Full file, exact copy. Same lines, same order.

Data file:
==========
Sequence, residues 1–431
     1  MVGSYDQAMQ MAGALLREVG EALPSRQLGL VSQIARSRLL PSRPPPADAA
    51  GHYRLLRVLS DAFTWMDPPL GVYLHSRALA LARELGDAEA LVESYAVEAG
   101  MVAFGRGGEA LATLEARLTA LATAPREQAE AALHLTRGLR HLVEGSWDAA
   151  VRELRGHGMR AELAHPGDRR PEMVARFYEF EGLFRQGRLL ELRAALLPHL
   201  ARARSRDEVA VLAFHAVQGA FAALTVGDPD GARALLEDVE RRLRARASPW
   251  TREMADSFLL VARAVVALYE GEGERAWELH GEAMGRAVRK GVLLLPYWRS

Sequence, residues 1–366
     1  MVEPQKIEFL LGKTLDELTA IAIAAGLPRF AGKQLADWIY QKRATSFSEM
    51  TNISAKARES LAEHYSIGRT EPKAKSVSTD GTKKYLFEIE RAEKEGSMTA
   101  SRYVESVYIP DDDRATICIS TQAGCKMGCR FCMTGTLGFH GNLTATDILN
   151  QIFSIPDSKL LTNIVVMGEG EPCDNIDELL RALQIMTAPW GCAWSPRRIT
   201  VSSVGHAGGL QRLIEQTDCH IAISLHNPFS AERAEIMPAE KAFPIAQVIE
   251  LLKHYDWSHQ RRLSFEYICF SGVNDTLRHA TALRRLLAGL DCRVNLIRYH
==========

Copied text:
Sequence, residues 1–431
     1  MVGSYDQAMQ MAGALLREVG EALPSRQLGL VSQIARSRLL PSRPPPADAA
    51  GHYRLLRVLS DAFTWMDPPL GVYLHSRALA LARELGDAEA LVESYAVEAG
   101  MVAFGRGGEA LATLEARLTA LATAPREQAE AALHLTRGLR HLVEGSWDAA
   151  VRELRGHGMR AELAHPGDRR PEMVARFYEF EGLFRQGRLL ELRAALLPHL
   201  ARARSRDEVA VLAFHAVQGA FAALTVGDPD GARALLEDVE RRLRARASPW
   251  TREMADSFLL VARAVVALYE GEGERAWELH GEAMGRAVRK GVLLLPYWRS

Sequence, residues 1–366
     1  MVEPQKIEFL LGKTLDELTA IAIAAGLPRF AGKQLADWIY QKRATSFSEM
    51  TNISAKARES LAEHYSIGRT EPKAKSVSTD GTKKYLFEIE RAEKEGSMTA
   101  SRYVESVYIP DDDRATICIS TQAGCKMGCR FCMTGTLGFH GNLTATDILN
   151  QIFSIPDSKL LTNIVVMGEG EPCDNIDELL RALQIMTAPW GCAWSPRRIT
   201  VSSVGHAGGL QRLIEQTDCH IAISLHNPFS AERAEIMPAE KAFPIAQVIE
   251  LLKHYDWSHQ RRLSFEYICF SGVNDTLRHA TALRRLLAGL DCRVNLIRYH